The court determined that the slot machines were per se contraband, and it ordered them forfeited. The court ruled that such a forfeiture did not constitute a violation of the eighth amendment. The court also reiterated its earlier findings that the machines were not remanufactured for transportation in interstate or foreign commerce and that the defendant knew that the machines were illegal.

On appeal, the defendant's first argument is that his motion to dismiss the complaint should have been granted because he remanufactured the slot machines for transport in interstate or foreign commerce and therefore he was exempt from the gambling statute. The defendant relies on section 28-1(b)(4) of the Code:

"Participants in any of the following activities shall not be convicted of gambling therefor:

Manufacture of gambling devices, including the acquisition of essential parts therefor and the assembly thereof, for transportation in interstate or foreign commerce to any place outside this State when such transportation is not prohibited by any applicable Federal law * * *." (Ill. Rev. Stat. 1991, ch. 38, par. 28-1(b)(4) (now 720 ILCS 5/28-1(b)(4) (West 1992)).)

The defendant also cites Hershey Manufacturing Co. v. Adamowski (1961), 22 Ill. 2d 36, 174 N.E.2d 200, in which our supreme court held that slot machines destined for interstate or foreign commerce have the potential for lawful use and are exempt from forfeiture.

However, unlike in Hershey, where it was undisputed that the slot machines in question were manufactured exclusively for foreign and interstate commerce ( Hershey, 22 Ill. 2d at 42), the trial court in the present case determined after listening to the testimony that the defendant's slot machines were not manufactured for transportation out of State. The trial Judge is in the best position to evaluate the testimony of the witnesses, and we will not disturb his factual findings in a forfeiture proceeding unless they are against the manifest weight of the evidence, that is, unless the opposite Conclusion is clearly evident. People v. 1991 Dodge Ram Charger (1993), 250 Ill. App. 3d 810, 814, 189 Ill. Dec. 480, 620 N.E.2d 448.

The trial court based its ruling on the defendant's testimony that, since his machines are electromechanical and not computer-chip operated, they are outmoded and not suitable for sale or use in any State. The trial court also noted that, although the defendant testified that there was a potential market for the machines in "private" sales and in third-world countries with limited computer technology, he could not identify any prospective buyers. Further, although the defendant asserts that he presented to the trial court copies of letters which allegedly showed proof of registration with the department of Justice for transportation of the slot machines in interstate and foreign commerce, the court specifically found those letters to be unreliable. The court noted that there were no dates on the letters and that the letters did not specifically refer to the machines in question. We find that the trial court's ruling that the slot machines were not manufactured for transportation in interstate or foreign commerce is not against the manifest weight of the evidence.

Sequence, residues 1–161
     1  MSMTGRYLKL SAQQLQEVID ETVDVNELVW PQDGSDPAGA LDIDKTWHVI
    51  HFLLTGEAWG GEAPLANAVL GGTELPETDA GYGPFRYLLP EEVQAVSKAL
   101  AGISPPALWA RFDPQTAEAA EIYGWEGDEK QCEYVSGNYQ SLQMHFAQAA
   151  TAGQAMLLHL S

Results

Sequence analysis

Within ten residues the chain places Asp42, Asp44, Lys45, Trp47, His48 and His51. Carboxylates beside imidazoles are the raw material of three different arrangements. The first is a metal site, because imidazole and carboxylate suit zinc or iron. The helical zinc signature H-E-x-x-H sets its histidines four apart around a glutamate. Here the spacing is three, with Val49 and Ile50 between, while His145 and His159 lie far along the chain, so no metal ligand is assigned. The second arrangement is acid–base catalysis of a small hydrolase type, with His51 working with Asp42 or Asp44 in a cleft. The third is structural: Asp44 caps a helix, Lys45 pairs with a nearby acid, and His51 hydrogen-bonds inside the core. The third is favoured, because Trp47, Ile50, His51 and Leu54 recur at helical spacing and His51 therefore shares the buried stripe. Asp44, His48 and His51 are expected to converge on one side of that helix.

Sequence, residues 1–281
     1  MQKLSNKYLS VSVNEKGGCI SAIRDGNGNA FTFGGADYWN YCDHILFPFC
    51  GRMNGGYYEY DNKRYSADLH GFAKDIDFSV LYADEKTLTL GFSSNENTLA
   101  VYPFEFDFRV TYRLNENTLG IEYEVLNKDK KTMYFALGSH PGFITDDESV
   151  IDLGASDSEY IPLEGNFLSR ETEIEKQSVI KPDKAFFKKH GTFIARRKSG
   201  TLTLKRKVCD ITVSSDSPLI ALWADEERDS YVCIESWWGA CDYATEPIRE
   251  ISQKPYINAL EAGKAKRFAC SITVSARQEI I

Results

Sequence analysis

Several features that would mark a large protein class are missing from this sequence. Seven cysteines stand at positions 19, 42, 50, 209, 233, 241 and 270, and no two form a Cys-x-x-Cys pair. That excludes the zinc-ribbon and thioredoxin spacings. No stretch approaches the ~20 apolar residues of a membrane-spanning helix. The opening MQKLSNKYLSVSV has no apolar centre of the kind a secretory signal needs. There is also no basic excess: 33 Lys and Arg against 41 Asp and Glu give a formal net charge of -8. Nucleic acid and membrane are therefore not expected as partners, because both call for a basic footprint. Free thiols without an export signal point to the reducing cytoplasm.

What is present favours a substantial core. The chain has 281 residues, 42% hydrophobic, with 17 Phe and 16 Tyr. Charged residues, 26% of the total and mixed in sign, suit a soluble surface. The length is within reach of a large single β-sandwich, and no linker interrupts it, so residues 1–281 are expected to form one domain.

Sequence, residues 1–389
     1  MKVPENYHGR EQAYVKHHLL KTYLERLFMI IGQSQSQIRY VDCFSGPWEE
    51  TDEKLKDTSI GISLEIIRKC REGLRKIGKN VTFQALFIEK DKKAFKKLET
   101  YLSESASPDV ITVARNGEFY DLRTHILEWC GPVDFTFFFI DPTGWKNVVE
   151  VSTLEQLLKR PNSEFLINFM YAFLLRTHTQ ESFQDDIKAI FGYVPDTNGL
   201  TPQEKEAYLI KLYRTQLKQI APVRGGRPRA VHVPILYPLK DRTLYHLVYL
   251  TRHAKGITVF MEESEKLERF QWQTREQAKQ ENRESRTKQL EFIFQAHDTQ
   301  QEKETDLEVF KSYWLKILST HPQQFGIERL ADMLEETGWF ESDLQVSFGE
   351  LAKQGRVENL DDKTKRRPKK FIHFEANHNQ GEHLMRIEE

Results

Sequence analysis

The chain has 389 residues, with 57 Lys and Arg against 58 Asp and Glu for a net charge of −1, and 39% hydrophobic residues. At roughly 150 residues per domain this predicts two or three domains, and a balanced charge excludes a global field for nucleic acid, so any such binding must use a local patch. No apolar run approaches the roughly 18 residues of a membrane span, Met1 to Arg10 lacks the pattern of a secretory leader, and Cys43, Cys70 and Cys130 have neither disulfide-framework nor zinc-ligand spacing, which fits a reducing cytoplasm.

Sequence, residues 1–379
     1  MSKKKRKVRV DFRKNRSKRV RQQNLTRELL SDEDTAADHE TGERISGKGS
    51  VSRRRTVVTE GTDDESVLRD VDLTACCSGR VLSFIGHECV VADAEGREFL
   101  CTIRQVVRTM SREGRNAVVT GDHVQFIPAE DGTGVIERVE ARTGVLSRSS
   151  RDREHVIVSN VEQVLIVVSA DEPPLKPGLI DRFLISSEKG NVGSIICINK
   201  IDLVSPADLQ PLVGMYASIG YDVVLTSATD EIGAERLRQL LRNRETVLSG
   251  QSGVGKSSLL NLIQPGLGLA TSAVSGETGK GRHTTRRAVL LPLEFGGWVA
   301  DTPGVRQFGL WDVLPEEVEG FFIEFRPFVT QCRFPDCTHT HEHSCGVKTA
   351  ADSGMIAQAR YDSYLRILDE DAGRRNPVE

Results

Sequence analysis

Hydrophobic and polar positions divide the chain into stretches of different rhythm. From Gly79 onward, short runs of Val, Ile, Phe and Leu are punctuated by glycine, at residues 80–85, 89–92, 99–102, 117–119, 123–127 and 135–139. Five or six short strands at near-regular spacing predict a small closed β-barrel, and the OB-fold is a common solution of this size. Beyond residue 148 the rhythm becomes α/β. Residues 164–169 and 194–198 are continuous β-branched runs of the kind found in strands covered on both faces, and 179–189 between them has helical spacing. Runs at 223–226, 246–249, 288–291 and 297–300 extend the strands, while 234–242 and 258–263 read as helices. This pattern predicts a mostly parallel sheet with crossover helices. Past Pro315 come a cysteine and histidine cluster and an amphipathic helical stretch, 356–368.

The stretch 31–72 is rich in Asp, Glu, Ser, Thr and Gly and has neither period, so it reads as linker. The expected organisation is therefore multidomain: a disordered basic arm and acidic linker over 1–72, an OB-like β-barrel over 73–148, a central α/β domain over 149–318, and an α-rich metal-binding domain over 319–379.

We note that the State also argues that the section 28-1(b)(4) exemption applies only for those persons who manufacture gambling devices for transportation in interstate or foreign commerce, but that the defendant's activities (changing the machines' fuses, bulbs, glasses, coin mechanisms and switches) are more aptly characterized as "maintenance" of already-existing machines. We need not address that argument since we have already held that the defendant does not fall within the exemption.

The defendant next argues that the State's complaint was untimely because it was brought approximately 18 months after his slot machines were seized. The defendant relies on People ex rel. Ward v. 1963 Cadillac Coupe (1967), 38 Ill. 2d 344, 231 N.E.2d 445, in which our supreme court held that the State's 3 1/2-month delay in filing forfeiture proceedings against the defendant's Cadillac under article 36 of the Code (Ill. Rev. Stat. 1965, ch. 38, pars. 36-1 through 36-4 (now 720 ILCS 5/38-1 through 38-4 (West 1992))) was untimely. Article 36 of the Code, which provides for the seizure and forfeiture of vessels, vehicles and aircraft used in the commission of certain offenses, states that the State's Attorney shall "forthwith bring an action for forfeiture." (Emphasis added.) (Ill. Rev. Stat. 1965, ch. 38, par. 36-2(a) now 720 ILCS 5/36-2(a) (West 1992)).) Our supreme court determined that the State's 3 1/2-month delay did not comply with "the specific commands of the statute requiring 'prompt' determination of the propriety of remission." (1963 Cadillac Coupe, 38 Ill. 2d at 348.) In the present case, though, the State has brought the forfeiture complaint pursuant to section 28-5 of the Code (Ill. Rev. Stat. 1991, ch. 38, par. 28-5 (now 720 ILCS 5/28-5 (West 1992))), which does not have a specified statute of limitations nor any requirement that a forfeiture proceeding be filed "forthwith."